Two cops had gone missing, and their boss wanted to know what had happened to them. But he wasn’t sure just who he could trust down at headquarters, so he gave the job to Larry Kent, the only man he felt he could rely on.
Larry soon found himself up to his shoulder holster in trouble. Whatever the missing cops had been investigating, it was big. That’s why the dapper little chili-eating hustler Pete Grills wanted him dead. Why the seductive Ester Newell tried to recruit him rather than fight him. Why the shallow TV personality Grant Kelso had to die...and why the stakes were higher than Larry could ever imagine.
About Larry Kent
Larry Kent started his life as the hero of a half-hour radio show on Australia’s Macquarie Network, and was inspired chiefly by the success of the hardboiled mysteries of Carter Brown. As the popularity of the radio show grew, the Cleveland Publishing Pty. Ltd decided to publish a series of Larry Kent novels. Two authors, Don Haring (an American who lived in Australia) and Des R Dunn (a Queenslander) are primarily associated with the series. Between 1954 and 1983, Larry appeared in well over 400 adventures.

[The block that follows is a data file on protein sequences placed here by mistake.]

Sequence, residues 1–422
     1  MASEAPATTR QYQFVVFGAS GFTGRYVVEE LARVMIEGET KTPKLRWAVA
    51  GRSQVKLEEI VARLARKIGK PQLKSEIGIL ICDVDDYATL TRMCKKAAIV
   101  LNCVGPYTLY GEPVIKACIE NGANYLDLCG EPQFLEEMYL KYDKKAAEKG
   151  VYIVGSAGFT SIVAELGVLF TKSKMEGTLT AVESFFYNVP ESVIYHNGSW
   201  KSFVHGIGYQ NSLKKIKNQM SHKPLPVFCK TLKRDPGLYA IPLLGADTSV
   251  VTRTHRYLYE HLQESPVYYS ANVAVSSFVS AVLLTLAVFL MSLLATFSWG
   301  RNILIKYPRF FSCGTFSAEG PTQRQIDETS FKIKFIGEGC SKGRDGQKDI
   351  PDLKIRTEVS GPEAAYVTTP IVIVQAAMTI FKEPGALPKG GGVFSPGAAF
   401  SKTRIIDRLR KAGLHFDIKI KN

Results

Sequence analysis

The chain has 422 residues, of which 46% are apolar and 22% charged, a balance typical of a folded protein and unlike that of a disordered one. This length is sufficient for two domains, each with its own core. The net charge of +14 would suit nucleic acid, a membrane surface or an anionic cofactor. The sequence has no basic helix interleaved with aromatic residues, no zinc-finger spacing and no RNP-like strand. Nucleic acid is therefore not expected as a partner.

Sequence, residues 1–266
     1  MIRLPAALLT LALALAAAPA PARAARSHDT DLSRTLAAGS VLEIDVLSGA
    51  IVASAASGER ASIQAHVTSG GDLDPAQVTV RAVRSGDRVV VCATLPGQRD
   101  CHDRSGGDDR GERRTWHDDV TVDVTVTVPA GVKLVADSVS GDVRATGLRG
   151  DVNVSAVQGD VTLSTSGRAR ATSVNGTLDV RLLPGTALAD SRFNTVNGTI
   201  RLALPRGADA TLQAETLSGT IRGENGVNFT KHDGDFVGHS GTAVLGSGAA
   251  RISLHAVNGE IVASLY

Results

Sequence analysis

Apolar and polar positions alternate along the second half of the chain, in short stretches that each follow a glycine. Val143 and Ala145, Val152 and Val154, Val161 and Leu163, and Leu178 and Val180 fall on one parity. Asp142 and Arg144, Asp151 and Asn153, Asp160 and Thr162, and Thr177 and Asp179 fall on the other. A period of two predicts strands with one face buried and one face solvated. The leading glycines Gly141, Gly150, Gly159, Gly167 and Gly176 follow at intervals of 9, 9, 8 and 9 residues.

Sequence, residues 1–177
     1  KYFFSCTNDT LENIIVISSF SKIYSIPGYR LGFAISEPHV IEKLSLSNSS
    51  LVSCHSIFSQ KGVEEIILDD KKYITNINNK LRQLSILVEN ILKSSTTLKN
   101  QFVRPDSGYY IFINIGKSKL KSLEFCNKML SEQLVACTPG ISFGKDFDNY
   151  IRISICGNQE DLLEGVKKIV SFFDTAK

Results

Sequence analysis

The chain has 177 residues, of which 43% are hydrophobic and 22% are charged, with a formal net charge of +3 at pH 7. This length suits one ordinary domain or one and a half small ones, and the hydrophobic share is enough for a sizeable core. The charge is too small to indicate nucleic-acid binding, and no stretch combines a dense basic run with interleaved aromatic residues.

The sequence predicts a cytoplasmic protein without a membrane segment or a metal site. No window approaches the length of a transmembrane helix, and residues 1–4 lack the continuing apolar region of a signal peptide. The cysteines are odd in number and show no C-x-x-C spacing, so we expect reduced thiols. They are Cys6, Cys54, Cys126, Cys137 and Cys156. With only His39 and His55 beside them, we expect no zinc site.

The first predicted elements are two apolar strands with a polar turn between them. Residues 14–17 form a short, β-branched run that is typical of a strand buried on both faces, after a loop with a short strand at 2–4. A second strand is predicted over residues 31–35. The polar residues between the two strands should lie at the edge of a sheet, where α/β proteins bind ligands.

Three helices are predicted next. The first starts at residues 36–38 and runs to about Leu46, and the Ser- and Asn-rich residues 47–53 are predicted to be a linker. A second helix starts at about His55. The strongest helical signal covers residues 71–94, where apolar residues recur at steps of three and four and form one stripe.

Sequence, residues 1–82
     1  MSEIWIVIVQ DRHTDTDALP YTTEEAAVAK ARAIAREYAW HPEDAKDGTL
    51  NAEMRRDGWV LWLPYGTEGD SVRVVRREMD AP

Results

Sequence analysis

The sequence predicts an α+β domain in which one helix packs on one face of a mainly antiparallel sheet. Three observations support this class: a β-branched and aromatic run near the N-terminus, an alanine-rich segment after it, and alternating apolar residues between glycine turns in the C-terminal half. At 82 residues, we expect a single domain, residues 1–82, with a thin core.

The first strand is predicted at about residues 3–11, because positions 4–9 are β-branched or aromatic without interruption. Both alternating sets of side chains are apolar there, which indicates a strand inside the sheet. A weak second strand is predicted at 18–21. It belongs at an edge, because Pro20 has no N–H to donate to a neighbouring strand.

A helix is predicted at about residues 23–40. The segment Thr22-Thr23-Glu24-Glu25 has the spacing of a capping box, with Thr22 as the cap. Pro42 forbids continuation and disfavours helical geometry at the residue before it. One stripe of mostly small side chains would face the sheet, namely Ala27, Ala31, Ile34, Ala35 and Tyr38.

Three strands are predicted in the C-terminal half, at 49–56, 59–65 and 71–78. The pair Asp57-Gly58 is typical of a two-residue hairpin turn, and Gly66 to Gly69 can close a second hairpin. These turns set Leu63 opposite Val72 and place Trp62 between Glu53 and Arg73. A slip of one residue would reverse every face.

Kent is a typical hardboiled private eye. He smokes Luckies, drinks whisky, and within the first dozen pages or so, has usually met a dame and is fighting for his life. His mean streets are pure New York (although the radio series was set in Australia) and include Harlem nightclubs and Jersey roadhouses.
Generally the body counts are high: about six deaths per novel.
But there’s another side to Larry Kent. He’s a Vietnam war veteran, he used to work for the CIA and still does, usually reluctantly, on occasion. And once, when an attempt was made on his life, the Agency paid for him to have plastic surgery that altered his appearance ... something he never quite managed to get used to.
Larry Kent is fast and fun, and Piccadilly Publishing is proud to be bringing his cases to a whole new generation of fans, complete with their original "good girl" artwork.